What Happens If You Die Without a Will in Vermont?

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Did you know that Vermont is the largest producer of maple syrup in the country? Did you also know that Vermont did not get its flow of maple syrup overnight? In fact, it takes almost 40 years for a sugar maple tree, the main source of maple syrup, to grow large enough to be sustainably tapped. 

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If you moved to Vermont hoping to grow and tap your own sugar maple tree, you are in for a long wait. While you wait, you have time to focus on other long-term plans such as whether or not you need a will. A will is a legal document that details how a person wants their property distributed upon their death. This could be especially important if you are concerned about who will inherit your sugar maple trees after you are gone.

In this guide, we’ll explore what happens if you die without a will in Vermont. 

Vermont’s Intestacy Laws Explained

If a person dies without a will they are said to have died intestate. If a person dies without a will, their state’s intestacy laws will determine how their assets are distributed.

Each state has its own intestacy laws. If a person dies without a will in Vermont, then Vermont’s intestacy laws will determine how their property is distributed. Below we will discuss Vermont’s intestacy laws.

How Does Probate Work in Vermont If There Is No Will?

In Vermont, the probate court handles many matters including the probate of estates. Probate is the court-supervised process of settling a person’s estate after their death.

The probate court oversees the administration of the estate to ensure that the administrator correctly performs their duties and abides by the law. The probate court appoints an administrator who is in charge of managing the estate. The administrator is usually a family member or close friend of the deceased. 

An important part of probate is distributing property. However, only property that was owned by the deceased can go through probate. This means that property that automatically passes upon a person’s death is not subject to probate, including life insurance policies with named beneficiaries or property held jointly with a right of survivorship.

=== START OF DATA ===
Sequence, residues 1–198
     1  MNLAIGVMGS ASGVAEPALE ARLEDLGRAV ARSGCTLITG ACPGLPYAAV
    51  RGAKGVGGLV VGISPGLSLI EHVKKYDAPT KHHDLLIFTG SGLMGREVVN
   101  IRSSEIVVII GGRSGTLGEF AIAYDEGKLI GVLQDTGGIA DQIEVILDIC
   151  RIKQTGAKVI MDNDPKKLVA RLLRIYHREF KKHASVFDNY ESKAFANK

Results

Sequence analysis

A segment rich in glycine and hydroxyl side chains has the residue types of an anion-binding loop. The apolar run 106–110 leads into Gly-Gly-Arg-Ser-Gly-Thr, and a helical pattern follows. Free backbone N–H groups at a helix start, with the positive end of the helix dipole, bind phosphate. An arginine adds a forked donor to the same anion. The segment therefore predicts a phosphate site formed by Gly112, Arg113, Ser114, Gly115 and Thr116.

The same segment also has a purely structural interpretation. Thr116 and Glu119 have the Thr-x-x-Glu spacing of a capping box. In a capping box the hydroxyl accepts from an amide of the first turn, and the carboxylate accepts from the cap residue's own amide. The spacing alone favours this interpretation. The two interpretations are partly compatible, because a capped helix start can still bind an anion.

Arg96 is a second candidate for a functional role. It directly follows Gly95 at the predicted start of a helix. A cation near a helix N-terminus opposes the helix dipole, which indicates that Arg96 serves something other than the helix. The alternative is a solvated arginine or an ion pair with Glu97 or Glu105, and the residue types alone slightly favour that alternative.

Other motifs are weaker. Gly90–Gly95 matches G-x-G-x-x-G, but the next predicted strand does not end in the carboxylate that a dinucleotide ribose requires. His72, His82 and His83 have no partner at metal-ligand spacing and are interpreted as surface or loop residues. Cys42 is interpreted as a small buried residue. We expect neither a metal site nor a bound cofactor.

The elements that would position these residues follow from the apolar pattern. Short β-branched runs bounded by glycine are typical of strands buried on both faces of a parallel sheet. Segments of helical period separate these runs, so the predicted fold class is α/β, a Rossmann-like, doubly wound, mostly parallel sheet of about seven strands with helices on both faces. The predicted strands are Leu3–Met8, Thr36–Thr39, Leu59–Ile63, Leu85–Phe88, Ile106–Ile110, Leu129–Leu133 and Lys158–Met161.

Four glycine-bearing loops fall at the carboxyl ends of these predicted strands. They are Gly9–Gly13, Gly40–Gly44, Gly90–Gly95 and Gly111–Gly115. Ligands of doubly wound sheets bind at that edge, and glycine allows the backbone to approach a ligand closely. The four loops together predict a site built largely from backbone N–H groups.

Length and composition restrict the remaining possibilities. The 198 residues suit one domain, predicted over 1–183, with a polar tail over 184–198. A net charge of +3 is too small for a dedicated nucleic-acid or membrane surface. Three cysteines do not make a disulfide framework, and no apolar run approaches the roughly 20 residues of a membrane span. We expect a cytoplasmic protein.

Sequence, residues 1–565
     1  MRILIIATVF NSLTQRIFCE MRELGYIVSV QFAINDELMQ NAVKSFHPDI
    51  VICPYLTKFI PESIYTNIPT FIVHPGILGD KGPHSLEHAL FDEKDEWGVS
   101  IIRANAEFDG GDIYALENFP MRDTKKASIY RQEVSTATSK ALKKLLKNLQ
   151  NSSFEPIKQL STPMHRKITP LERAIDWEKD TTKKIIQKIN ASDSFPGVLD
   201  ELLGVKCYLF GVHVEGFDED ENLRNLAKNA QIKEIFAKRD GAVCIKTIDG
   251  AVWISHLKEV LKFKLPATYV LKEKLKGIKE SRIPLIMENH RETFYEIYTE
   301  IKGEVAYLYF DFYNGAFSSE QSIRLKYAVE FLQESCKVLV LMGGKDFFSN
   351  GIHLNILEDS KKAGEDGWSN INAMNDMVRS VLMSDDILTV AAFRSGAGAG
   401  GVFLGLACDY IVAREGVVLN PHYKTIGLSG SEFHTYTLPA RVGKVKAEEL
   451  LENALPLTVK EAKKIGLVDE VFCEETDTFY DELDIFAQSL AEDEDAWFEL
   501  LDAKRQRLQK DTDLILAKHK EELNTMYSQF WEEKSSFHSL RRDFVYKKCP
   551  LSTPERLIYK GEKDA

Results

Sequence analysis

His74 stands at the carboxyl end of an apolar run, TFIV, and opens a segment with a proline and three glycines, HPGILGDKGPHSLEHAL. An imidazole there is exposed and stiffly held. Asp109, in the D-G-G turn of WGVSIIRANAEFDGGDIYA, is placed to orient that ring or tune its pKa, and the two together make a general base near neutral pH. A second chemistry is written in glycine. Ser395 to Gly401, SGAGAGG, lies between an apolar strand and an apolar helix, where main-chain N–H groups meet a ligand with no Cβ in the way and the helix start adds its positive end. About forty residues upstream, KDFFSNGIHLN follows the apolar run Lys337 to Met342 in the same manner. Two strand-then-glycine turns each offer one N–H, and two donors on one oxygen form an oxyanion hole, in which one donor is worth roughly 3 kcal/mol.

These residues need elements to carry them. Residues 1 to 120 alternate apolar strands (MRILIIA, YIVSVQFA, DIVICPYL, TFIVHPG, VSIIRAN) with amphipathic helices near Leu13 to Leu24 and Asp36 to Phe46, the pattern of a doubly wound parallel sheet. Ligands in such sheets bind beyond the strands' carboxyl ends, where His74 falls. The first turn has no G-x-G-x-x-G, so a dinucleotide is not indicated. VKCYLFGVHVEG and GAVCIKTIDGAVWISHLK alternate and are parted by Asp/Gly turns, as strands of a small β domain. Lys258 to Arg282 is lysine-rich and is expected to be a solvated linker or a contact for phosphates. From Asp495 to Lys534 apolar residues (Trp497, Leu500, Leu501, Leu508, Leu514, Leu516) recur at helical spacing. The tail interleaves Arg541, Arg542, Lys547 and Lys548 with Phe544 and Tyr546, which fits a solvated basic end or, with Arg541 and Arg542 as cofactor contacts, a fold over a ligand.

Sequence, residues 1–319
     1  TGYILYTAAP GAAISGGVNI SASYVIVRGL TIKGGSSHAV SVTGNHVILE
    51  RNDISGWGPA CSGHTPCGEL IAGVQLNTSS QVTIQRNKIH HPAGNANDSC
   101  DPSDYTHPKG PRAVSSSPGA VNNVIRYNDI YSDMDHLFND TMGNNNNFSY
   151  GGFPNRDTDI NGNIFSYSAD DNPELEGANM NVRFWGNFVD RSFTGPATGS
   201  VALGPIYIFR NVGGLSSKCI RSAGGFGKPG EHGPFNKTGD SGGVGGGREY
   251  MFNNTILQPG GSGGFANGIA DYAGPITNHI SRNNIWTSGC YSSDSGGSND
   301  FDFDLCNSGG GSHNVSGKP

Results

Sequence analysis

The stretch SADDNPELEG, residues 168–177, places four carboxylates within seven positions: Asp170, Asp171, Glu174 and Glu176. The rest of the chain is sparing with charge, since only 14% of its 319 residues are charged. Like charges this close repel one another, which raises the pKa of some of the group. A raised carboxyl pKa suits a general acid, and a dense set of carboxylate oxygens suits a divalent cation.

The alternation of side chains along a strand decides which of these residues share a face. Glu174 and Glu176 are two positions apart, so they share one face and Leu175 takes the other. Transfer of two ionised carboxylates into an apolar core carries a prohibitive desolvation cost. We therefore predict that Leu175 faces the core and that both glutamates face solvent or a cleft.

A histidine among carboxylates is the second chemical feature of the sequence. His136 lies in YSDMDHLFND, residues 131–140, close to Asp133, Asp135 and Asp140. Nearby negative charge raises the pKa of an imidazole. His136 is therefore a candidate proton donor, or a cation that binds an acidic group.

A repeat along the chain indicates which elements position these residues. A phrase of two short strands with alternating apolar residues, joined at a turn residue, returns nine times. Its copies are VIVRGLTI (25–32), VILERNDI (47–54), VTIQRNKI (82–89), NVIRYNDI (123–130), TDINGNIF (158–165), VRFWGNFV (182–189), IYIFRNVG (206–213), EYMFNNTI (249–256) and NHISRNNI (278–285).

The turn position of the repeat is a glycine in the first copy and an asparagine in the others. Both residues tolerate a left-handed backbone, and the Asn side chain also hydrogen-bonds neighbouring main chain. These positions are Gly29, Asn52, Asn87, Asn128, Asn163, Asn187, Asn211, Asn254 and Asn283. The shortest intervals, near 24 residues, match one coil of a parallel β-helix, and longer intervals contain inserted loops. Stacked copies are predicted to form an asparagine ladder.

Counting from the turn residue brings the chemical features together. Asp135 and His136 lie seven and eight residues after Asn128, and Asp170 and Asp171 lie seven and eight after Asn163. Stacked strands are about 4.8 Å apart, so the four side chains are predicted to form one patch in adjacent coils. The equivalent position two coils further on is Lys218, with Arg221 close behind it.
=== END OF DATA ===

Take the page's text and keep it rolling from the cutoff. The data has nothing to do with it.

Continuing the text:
Formal probate

In Vermont, there are generally two types of probate, formal and small estates. Which one is right for the estate will depend on the property of the estate. If either of the following are true, then a more formal probate process may be necessary: 

  • The estate’s value is greater than $45,000.00
  • There was real estate other than a timeshare in the estate

If formal probate is necessary, then the process generally goes as follows:

  • The administrator begins the probate process by filing a petition with the probate court. 
  • Once appointed, the administrator files an inventory with the court. An inventory is just a list of the deceased’s assets. 
  • During administration, the administrator maintains separate bank accounts for the estate’s funds. 
  • The surviving spouse has certain rights that they may elect. The surviving spouse must notify the court of any elections within certain deadlines. These elections are discussed in more detail in a later section on the surviving spouse’s rights.
  • The administrator also has a duty to notify creditors and handle the claims of creditors. 
  • During probate administration expenses are also handled. 
  • In some instances, it may be necessary to sell real or personal property of the estate. The administrator handles that as well.
  • The administrator must provide the court with accountings as required by the court or by law, including a final accounting. 
  • The administrator is also in charge of the payment of fiduciary and attorney fees, as well as the filing and payment of all necessary taxes.
  • Once all of the above is complete, the administrator may then distribute the estate’s remaining assets.
  • After distribution is complete, the administrator may close the estate.